The Charlotte News

Wednesday, November 16, 1949


Site Ed. Note: The front page reports that Federal chief mediator Cyrus Ching told Presidential aide John R. Steelman that further mediation in the coal dispute was useless, that it might even retard negotiations, and so turned the matter over to the White House for action, either to appoint a fact-finding board or to invoke Taft-Hartley and seek an injunction to prevent resumption of the coal strike on December 1. The White House appeared disposed to provide John L. Lewis the remainder of the week to accept a fact-finding board.

The President launched the public housing program by approving loans totaling over 20 million dollars to 108 cities in 27 states for the planning of low-rent housing for a half million persons, to be built during the ensuing two-year period.

The New York Times reported that despite being fired upon by a Chinese Nationalist warship, an unarmed American merchant vessel off Shanghai was proceeding as if nothing unusual had happened. The ship's hull had been hit by gunfire at several points, but no one had been hurt. The State Department sent a formal protest of the action.

In Frankfurt, West Germany, Robert M. Hanes of Winston-Salem was appointed to be chief of the ERP mission for West Germany and a member of the cabinet of civilian American High Commissioner of West Germany, John J. McCloy.

An Air Force B-29 bomber was missing during a flight from Riverside, California, to Bermuda, with 20 aboard. It was believed to have crashed into the ocean off Bermuda. The plane's eventual destination had been Britain.

In Los Angeles, an international manhunt had been launched to locate a 66-year old retired banker wanted for questioning in the slaying of the six-year old girl whose mutilated body had been found the previous day in the backyard of the neighboring home of the banker, at large in a child molestation case. He was the prime suspect in the murder. (The report the previous day that he was a "baker" was apparently either a misunderstood report or a misprint. That report indicated not that he was "at large" in a prior case but that he had been questioned in connection with it and released.)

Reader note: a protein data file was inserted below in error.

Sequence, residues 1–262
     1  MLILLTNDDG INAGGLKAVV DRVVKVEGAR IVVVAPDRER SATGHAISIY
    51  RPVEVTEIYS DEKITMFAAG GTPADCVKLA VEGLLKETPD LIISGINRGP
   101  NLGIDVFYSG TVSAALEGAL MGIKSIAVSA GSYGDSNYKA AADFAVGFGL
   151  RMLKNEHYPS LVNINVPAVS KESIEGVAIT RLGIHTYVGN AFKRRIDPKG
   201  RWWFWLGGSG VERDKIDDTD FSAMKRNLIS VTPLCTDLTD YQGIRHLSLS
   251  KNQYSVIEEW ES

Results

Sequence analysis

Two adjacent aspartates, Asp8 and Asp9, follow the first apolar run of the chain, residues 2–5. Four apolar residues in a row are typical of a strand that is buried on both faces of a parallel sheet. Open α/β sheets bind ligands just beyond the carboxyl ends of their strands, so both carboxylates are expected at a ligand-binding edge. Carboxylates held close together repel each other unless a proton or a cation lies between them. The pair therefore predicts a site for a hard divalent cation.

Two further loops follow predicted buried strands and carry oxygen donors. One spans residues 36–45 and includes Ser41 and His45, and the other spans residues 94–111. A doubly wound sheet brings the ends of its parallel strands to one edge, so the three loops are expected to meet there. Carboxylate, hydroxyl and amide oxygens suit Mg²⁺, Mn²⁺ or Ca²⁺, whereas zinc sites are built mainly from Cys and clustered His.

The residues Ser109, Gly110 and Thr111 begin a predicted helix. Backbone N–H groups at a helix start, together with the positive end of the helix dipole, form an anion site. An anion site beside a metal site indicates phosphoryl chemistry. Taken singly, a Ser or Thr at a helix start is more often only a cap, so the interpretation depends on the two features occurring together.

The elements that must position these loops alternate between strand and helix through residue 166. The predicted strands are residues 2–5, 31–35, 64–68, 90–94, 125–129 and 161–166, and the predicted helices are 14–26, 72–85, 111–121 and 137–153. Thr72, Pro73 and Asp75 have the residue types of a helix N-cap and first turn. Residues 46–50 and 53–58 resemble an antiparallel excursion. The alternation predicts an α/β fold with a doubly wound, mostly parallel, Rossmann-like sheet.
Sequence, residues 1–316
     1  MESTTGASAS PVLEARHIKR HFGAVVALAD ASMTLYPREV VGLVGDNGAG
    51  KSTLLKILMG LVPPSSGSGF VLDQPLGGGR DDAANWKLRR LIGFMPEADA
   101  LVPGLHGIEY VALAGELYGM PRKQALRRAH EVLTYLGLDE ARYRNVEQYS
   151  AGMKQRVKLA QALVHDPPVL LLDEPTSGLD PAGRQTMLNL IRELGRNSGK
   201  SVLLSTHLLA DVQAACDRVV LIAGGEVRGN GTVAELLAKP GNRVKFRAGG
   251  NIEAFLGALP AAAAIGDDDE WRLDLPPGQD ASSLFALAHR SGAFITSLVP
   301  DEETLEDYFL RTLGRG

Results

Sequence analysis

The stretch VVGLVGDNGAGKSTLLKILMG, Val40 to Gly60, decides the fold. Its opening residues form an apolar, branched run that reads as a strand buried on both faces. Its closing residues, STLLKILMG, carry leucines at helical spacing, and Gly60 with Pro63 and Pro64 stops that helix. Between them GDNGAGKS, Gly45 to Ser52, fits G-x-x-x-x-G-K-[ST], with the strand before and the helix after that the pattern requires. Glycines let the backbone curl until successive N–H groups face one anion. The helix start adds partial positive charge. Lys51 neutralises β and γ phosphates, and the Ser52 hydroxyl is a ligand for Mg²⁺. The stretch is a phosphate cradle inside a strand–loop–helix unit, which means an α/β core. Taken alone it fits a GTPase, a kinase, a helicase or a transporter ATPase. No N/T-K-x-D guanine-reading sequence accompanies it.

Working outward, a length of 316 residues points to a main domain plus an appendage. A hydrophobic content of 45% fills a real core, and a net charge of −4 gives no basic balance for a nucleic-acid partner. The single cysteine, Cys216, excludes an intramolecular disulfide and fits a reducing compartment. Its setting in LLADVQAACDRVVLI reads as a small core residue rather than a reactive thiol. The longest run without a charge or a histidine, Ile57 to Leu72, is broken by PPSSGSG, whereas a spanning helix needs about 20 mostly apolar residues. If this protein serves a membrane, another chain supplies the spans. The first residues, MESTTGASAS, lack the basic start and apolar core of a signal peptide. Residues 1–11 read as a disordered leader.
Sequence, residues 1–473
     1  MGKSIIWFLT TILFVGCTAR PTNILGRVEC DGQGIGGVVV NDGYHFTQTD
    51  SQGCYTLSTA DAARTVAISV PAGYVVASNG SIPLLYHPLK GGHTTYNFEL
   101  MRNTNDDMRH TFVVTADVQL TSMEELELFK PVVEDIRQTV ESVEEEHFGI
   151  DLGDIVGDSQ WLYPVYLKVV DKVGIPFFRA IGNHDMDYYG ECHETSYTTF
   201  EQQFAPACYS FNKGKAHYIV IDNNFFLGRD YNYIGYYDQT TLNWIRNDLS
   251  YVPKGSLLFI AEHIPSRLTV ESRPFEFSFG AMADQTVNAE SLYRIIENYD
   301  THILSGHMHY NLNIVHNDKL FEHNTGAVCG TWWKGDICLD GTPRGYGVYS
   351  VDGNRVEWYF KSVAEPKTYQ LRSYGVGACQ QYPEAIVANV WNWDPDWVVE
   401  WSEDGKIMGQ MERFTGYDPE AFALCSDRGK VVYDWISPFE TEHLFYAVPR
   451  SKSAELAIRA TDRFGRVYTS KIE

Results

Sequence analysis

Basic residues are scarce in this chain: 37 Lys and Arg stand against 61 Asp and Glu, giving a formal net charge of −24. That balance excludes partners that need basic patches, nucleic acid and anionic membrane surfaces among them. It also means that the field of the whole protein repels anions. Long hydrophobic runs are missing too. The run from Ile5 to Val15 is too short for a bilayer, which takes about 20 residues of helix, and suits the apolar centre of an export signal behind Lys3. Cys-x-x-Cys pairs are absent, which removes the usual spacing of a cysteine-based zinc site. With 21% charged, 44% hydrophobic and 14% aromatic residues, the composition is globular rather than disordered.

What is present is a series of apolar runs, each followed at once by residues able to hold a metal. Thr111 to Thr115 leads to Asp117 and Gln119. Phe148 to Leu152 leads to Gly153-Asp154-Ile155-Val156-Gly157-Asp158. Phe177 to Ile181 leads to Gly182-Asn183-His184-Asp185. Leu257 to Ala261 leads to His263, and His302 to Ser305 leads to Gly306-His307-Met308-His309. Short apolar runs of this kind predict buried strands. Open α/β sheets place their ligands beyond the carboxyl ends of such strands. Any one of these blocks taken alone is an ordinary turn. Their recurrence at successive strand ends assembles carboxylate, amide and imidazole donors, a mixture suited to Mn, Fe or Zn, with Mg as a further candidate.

The executive director of the Miss America Pageant, Lenora Slaughter, was visiting Charlotte to confer with officials of the Carolinas Christmas Festival and talk to officials of the Jaycees, as the latter were the best sponsoring organization for state beauty pageants.

Emery Wister of the News tells of the arrival in Charlotte of actress Audrey Totter, present for the Christmas Festival. She said that she never had been a blonde and had to bleach her hair for the movies. She was looking forward to returning home to Joliet, Ill., for Thanksgiving, the first she would spend at her home in eight years.

A four-mile Christmas parade, expected to be attended by 400,000 people, was scheduled for this date as the main event in the third annual Festival. In addition to Ms. Totter, Ted Malone, roving reporter, and Fulton Lewis, Jr., news commentator, were on hand for the celebration. Queen Christmas would be crowned at the Coronation Ball after the parade.

Santa Claus would arrive in Charlotte aboard an Eastern Air Lines plane at 5:14 p.m. this date, on a flight from the North Pole. He would be in the parade by 6:00.

You can't fool us. It's too early for Santa Claus. That's a fake.

On the editorial page, "N. C. School Picture" tells of Dr. Clyde Erwin, State Superintendent of Public Instruction, in a recent talk in Raleigh, having stated his optimistic hope that in addition to the 50 million dollars in the State school building fund, the counties would appropriate another 50 million to modernize the school physical plants across the state.